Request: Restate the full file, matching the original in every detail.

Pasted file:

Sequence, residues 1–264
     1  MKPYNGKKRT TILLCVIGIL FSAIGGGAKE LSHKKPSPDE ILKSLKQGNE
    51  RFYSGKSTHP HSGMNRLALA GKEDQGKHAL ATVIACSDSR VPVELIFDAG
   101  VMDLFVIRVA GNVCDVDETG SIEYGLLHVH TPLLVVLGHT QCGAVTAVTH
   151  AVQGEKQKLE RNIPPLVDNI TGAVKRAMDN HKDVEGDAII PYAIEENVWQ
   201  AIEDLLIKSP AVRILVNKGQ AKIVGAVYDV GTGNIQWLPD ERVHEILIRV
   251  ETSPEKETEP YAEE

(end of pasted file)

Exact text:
Sequence, residues 1–264
     1  MKPYNGKKRT TILLCVIGIL FSAIGGGAKE LSHKKPSPDE ILKSLKQGNE
    51  RFYSGKSTHP HSGMNRLALA GKEDQGKHAL ATVIACSDSR VPVELIFDAG
   101  VMDLFVIRVA GNVCDVDETG SIEYGLLHVH TPLLVVLGHT QCGAVTAVTH
   151  AVQGEKQKLE RNIPPLVDNI TGAVKRAMDN HKDVEGDAII PYAIEENVWQ
   201  AIEDLLIKSP AVRILVNKGQ AKIVGAVYDV GTGNIQWLPD ERVHEILIRV
   251  ETSPEKETEP YAEE